Dillinger Escape Plan
Irony is a Dead Scene
Ken Jennings has, thus far, amassed an unfathomable winning streak, an enviable place in the history books of all game shows, and a war chest of over $750K. i've observed the man in action and his performance is something of a marvel. his internal thoughts are undisclosed thanks to a somewhat stolid, somewhat affable outer appearance; his smile disarms his otherwise irate opponents and his chipper, sober attitude--laced with humility--befriends even Trebek, who openly wished that Charleze Theron would take Ken's place if only to have a better face to look at.
"I'll take Major Dorks of the 21st Century, Alex."
what you don't know about Ken Jennings, a 30 year-old software engineer from Utah, is that he's a graduate of Brigham Young University--that bastion of academic and theological rectitude--who recently completed his missionary work. now, Mormonism is one of the most risible religions i know of and is still believed to be highly cultish. beliefs of his cool genius were dashed once i learned this and though it doesn't detract from his performance, it sure as hell doesn't make him look any cooler. and this begs a question: are dorkiness and brilliance causally linked? seriously. do socially inept men get all the dough?
take The Dillinger Escape Plan and Mike Patton, an incredibly dorky lot who just happened to make probably one of the best EPs that i've ever had the fortune of buying: Irony is a Dead Scene. recorded while DEP was searching for a new lead singer, this is nothing short of fucking brilliant. but, let's be sure: Patton's a goddamn dork. besides starting his own label, Ipecac, he fervently plays video games--including updates on some web pages--and almost named Fantomas's last album Shaq Ownz You instead of Delirium Cordia, an immoderate tribute to the L.A. Lakers, his favorite basketball team. part of him is a 15-year old thick-rimmed sack of peanuts packed into a menacing, working, artistically gifted exorcist of shitty music.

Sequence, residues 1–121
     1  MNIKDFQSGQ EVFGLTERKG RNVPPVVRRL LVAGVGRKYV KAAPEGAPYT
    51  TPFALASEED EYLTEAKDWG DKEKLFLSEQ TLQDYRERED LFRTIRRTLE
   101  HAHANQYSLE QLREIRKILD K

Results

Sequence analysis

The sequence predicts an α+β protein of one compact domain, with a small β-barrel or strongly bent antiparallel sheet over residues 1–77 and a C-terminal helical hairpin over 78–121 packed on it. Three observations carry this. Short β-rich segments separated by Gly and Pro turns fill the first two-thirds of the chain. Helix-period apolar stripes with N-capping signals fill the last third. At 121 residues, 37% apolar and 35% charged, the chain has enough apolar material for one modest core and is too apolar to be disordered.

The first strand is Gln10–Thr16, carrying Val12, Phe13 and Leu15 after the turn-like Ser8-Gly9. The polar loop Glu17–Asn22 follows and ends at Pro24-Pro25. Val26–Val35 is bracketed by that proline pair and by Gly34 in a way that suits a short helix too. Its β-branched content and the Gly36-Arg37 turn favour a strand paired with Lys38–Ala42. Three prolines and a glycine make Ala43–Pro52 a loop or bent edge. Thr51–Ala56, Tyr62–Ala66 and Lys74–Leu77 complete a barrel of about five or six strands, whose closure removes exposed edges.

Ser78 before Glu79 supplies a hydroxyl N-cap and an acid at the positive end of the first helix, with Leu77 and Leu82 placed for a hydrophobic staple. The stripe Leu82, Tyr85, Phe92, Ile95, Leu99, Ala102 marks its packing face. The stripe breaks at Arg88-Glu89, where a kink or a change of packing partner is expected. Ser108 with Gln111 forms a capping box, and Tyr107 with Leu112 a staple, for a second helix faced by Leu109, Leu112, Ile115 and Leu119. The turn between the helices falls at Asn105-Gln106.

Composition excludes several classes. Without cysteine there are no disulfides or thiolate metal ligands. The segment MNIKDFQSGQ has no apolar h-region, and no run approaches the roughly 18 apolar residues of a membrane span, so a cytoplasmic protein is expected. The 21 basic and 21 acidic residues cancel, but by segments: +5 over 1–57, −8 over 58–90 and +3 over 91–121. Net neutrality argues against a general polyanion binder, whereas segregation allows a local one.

Irony is a Dead Scene is the sound of universes collapsing on themselves, babies with AK-47s, and the death knoll for those with timid ears and any sensibilities. i won't say it's Patton and DEP unhinged, but rather the fusion of two explosive elements that create a Metal furor so great that it threatens to implode ... but never ever does. the aggro never throttles and neither does the sheer size of it all. each song contains layers that are almost orchestral, seen in both 'When Good Dogs Do Bad Things' and 'Hollywood Squares,' both sounding twice as long as they should be.
also included is a very well-executed cover of Aphex Twin's hit, 'Come To Daddy.' the song is a fitting close to such an accomplishment; its translation into Patton-speak was inevitable and long overdue. in the end Patton and bands like Dillinger Escape Plan are going to be heroes of music. after all, if Faith No More hadn't existed then much of the now trite rap-rock wouldn't have existed and if it weren't for DEP, Hardcore would have missed a crucial dimension. these guys are dorks, but they're also one of the best things to happen to music in general.
Ken Jennings, i salute your dorkiness!
Release date: August 27, 2002
Label: Epitaph / Ada
Rating: 10.0 / 10
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